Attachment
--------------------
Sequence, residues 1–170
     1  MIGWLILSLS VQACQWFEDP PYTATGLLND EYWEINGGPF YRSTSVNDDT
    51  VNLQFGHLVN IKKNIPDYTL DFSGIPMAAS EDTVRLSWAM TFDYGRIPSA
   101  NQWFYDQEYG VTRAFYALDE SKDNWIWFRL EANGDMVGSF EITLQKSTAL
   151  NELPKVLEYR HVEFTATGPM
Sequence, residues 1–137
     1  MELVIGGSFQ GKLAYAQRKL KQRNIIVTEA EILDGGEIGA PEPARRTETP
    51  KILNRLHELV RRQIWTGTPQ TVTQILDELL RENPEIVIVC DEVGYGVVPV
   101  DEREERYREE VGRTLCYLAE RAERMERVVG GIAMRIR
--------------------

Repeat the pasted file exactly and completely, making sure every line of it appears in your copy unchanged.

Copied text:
Sequence, residues 1–170
     1  MIGWLILSLS VQACQWFEDP PYTATGLLND EYWEINGGPF YRSTSVNDDT
    51  VNLQFGHLVN IKKNIPDYTL DFSGIPMAAS EDTVRLSWAM TFDYGRIPSA
   101  NQWFYDQEYG VTRAFYALDE SKDNWIWFRL EANGDMVGSF EITLQKSTAL
   151  NELPKVLEYR HVEFTATGPM
Sequence, residues 1–137
     1  MELVIGGSFQ GKLAYAQRKL KQRNIIVTEA EILDGGEIGA PEPARRTETP
    51  KILNRLHELV RRQIWTGTPQ TVTQILDELL RENPEIVIVC DEVGYGVVPV
   101  DEREERYREE VGRTLCYLAE RAERMERVVG GIAMRIR